LHS* - Thanks for the 'constructive' criticism and that's great that the trucks are not from Colorado, but I'm missing the point of where that is relevent in this discussion.

    And don't get me wrong, I do appreciate the link to the photos. I need to start somewhere and your concept helps me with the mounting aspect and path of the hydraulic line, I will simply have to have a box put around the tool as well.

  14. #14
    Fyrtrks
    Firehouse.com Guest

    Thumbs up

    I have two concerns with anything on the front bumper that can be dealt with. 1 Make sure the sub structure of the bumper is strong and not just the S/S bumper it's self. FDNY uses some frame-rail behind the bumper, for them it's for accident strength butr for you it would be to protect the reels from those firm fender benders. 2 Route the hoses from the pump to the reel through a conduit of some type. I suggest this because i would not want to cut umphteen tie wraps if I needed to replace a hose, just disconnect from the reel and the pump and pull the new hose through you may need to remove the Q/D couplings but it's alot quicker. I would also check with the tool manufacturer to see what they suggest about length of run from the pump and remember you may be 25 - 30 feet from the pump to the reel that gives you a reel of 70 - 75 feet on the reel

  15. #15
    LHS*
    Firehouse.com Guest

    Post

    //We want the tool in the front however if you have quick deployment of the tool on its own with no method of stabilization, you are still standing at square one and haven't increased your speed of deployment at all.

    Sure you have, unless you staff your rig with only one firefighter. It isn't quicker having everything preconnected, locating the tools on the bumper for a shorter pull, and eliminating the need to start a tool? Obviously the crew rides somewhere on the fire truck. In the case of the posted photo, if you look around a bit you'll see 4 step chocks placed within 7 feet of where the crew rides. Certainly, all firefighters have been asked at some point to open a stubborn door where no stabilization and/or no ems were needed.

    //that's great that the trucks are not from Colorado,

    actually they are.

    //but I'm missing the point of where that is relevent in this discussion.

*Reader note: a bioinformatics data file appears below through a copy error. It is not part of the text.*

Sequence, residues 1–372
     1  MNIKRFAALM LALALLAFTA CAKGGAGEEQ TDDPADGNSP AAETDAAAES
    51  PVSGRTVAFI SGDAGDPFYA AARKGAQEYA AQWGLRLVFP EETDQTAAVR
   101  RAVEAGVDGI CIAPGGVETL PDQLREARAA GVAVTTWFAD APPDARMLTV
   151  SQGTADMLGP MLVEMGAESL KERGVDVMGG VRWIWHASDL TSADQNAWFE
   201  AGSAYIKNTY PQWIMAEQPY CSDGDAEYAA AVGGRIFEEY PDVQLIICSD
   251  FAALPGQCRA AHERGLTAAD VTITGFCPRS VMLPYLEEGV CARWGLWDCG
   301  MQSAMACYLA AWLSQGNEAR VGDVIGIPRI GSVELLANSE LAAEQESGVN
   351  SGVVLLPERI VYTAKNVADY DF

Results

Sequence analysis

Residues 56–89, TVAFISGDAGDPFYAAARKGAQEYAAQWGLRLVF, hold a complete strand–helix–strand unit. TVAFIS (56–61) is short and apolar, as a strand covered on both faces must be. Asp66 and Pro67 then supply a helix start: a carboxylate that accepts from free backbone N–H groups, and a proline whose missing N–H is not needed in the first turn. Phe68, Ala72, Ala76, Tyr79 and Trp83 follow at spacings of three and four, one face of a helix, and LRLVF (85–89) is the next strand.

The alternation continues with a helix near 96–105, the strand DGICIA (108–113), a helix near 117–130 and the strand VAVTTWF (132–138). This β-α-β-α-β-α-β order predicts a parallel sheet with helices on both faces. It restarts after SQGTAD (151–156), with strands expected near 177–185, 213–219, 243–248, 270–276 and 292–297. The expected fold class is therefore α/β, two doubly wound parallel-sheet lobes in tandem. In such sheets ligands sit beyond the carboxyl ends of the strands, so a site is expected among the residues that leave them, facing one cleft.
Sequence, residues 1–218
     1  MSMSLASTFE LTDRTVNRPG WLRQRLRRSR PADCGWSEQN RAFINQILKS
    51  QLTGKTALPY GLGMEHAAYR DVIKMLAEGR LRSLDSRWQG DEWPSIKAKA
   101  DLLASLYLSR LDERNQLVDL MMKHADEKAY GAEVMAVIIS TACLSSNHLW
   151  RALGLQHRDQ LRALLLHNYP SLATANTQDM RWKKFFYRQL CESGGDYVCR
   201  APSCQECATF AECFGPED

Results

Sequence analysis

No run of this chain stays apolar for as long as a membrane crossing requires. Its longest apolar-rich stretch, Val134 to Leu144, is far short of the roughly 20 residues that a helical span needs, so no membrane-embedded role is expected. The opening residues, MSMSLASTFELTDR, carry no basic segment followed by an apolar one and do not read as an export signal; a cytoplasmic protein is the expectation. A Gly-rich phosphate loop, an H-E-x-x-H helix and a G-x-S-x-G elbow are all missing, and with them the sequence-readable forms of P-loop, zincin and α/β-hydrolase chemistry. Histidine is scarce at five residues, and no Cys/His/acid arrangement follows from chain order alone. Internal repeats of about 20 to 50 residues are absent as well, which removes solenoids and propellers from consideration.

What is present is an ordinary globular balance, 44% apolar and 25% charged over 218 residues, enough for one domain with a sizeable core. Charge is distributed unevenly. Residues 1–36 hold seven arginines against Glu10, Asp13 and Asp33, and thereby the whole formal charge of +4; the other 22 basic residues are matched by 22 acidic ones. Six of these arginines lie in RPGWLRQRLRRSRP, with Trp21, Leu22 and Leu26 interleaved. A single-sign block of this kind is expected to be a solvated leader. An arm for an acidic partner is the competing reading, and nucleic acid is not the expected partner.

Gee, you asked about cliamte in Nevada. Obviously, their is more bad weather in Colorado than NJ, isn't there?

    //2 Route the hoses from the pump to the reel through a conduit of some type. I suggest this because i would not want to cut umphteen tie wraps if I needed to replace a hose, just disconnect from the reel and the pump and pull the new hose through you may need to remove the Q/D couplings but it's alot quicker.

    That is how all the Rattlesnake trucks are setup.

    //I would also check with the tool manufacturer to see what they suggest about length of run from the pump and remember you may be 25 - 30 feet from the pump to the reel that gives you a reel of 70 - 75 feet on the reel

    Or in Rattlesnakes case 150 feet of working length past the bumper.

  16. #16
    FFTrainer
    Firehouse.com Guest

    Post

    Folks --

    Thanks for all the info.

    LHS - since the trucks you refer to are designed with the tool on the front, what is your opinion on fyrtrks point of reinforced bumpers. Was this addressed on the rattelsnake trucks?

    Oh and fyi, it was in your post that you stated the trucks are NOT from Colorado so I was quoting you. Thanks though!
    ----------------------
    "I simply tried to answer your poorly worded question. The trucks are not from colorado. Then build a box if you want a box."
    ----------------------

    [This message has been edited by FFTrainer (edited 04-06-2001).]

  17. #17
    LHS*
    Firehouse.com Guest

    Post

    LHS - since the trucks you refer to are designed with the tool on the front, what is your opinion on fyrtrks point of reinforced bumpers. Was this addressed on the rattelsnake trucks?

    Their is a frame rail inside the framerails. In either case the insurance company will be buying new equipment. That is what insurance is for.

    If crash testing is that important better add a bumper at the rear of the rig, and one each side in front of the pump panlel too.



  18. #18
    rcorleto
    Firehouse.com Guest

    Post